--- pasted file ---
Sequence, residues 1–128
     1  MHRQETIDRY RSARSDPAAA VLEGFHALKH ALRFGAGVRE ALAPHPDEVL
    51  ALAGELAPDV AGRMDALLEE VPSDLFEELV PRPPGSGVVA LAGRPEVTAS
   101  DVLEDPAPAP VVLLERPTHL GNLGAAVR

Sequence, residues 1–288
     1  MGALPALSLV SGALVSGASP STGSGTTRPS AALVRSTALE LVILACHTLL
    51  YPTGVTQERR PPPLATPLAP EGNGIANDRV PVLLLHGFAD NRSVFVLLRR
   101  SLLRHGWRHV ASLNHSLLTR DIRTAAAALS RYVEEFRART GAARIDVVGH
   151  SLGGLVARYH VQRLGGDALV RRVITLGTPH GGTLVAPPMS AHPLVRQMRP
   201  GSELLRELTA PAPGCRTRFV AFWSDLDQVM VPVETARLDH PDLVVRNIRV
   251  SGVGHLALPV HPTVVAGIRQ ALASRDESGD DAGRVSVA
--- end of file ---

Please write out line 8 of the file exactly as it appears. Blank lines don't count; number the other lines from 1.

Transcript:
   101  SLLRHGWRHV ASLNHSLLTR DIRTAAAALS RYVEEFRART GAARIDVVGH